Following a pattern set by other Iranian-backed Shia militias in the Middle East, Husseini’yon, therefore, has been pursuing a political agenda alongside its military and armed activities. Indeed, even in the predominantly secular Azerbaijani society, Husseini’yon relies on inciting anti-Israel resentment. Adding to this, the group also exploits religious frustration. In 2017, for instance, Begli attended a gathering in the Iranian city of Zanjan to commemorate victims of a 2015 crackdown by Azerbaijani police on Shia worshipers on the Arbayeen, a prominent day and festival on the Shia religious calender (vaaju.com, October 3, 2021).
Begli has established his group as part of the broader Iranian-backed militia movements. In 2020, he appeared in officially sponsored propaganda along with other Shia militia figures from other parts of the world who eulogized Soleimani. When the new Iranian president, Ibrahim Raisi, assumed office in 2021, Iranian official media quoted his well wishes for the new president and government (nournews.ir, June 20, 2021).
The relatively small size of Hussei’yon currently does not mean it is irrelevant. In fact, rarely has such a small militia become so widely recognized by the Islamic Republic. In terms of military capabilities, Begli’s followers have acquired field experience from fighting in Syria. Members of Husseini’yon also received military training from Hezbollah on guerrilla warfare and other non-conventional militant tactics. Further, as the Syrian conflict began waning and the forces of President Assad became less desperate for Iranian-backed militias’ support, a number of Husseini’yon’s Syrian war veterans started to return home to Iran, where they continued training (brodcastnews.com, February 4).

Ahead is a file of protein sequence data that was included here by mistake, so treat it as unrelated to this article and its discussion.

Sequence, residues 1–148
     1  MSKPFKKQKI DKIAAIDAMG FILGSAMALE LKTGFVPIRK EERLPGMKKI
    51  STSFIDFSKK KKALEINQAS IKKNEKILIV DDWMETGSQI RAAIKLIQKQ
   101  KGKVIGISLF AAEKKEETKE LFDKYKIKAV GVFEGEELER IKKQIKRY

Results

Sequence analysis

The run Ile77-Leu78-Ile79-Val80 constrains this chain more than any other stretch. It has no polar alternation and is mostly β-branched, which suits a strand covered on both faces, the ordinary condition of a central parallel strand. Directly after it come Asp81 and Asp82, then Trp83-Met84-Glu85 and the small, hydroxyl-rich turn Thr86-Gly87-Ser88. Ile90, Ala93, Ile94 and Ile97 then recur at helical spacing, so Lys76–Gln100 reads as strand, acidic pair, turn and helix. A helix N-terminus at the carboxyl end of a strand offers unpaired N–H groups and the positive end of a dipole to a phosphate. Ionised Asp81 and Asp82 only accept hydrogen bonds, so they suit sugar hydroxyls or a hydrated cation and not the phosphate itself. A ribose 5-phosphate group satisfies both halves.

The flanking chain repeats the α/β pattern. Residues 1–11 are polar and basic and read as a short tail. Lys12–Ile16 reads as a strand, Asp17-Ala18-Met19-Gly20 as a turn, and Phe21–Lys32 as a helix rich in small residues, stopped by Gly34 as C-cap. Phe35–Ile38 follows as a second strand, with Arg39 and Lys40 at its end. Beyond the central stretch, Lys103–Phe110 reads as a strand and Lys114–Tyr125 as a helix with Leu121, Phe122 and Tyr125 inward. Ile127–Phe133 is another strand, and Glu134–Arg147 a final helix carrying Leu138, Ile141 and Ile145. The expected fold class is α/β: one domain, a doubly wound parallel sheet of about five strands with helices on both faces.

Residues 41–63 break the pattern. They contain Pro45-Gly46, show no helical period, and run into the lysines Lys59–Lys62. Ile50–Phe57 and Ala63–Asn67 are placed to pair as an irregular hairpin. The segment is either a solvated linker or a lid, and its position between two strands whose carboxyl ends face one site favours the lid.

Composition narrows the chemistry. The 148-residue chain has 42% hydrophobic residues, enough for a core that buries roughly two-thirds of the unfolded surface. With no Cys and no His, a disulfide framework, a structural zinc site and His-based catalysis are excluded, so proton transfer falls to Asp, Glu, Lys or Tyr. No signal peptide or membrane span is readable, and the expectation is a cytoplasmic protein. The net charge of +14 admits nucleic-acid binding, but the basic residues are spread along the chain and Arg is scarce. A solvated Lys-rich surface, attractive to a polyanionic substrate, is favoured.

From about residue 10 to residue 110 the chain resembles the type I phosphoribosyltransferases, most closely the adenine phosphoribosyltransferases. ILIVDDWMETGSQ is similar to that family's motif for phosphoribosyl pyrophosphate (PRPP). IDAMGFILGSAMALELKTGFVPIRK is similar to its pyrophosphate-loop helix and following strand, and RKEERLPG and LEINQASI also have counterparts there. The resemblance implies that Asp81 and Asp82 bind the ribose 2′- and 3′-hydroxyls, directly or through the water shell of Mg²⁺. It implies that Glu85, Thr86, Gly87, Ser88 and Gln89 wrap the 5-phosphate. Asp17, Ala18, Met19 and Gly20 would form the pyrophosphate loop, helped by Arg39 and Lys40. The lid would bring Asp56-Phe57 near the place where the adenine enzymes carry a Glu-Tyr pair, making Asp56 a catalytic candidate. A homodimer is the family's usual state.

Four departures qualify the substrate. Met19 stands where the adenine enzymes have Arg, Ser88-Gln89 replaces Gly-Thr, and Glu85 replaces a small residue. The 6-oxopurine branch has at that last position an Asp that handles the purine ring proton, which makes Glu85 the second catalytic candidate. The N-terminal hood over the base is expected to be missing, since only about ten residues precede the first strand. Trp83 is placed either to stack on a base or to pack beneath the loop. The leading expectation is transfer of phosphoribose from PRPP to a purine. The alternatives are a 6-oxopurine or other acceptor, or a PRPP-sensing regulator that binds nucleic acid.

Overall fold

The Azerbaijani government has accordingly been concerned about Husseini’yon fighters who returned from Syria, many of whom were arrested upon their return from the Middle East, including Almir Zahidov. Zahidov was sentenced to prison in Azerbaijan in 2021. Another Husseini’yon member, Faik Waliyov, was arrested in Russia and handed over to his native Azerbaijan, where he was convicted for joining a “criminal organization” and receiving military training outside the country. These arrests do not necessarily mean that Husseini’yon is crippled. In contrast, its leadership is still intact and most of its members are believed to be free (alkalimaonline.com, February 1).
In its current situation, Husseini’yon is still a small militia, but so were several of the now large Iranian-backed militias during the first years of their existence. The structure and number of personnel of Husseini’yon is not publicly known, but it is believed to have around 20 members. Nevertheless, Husseini’yon has managed to already have an impact inside Azerbaijan with the potential of becoming even more active if the disputes between Iran and Azerbaijan escalates further.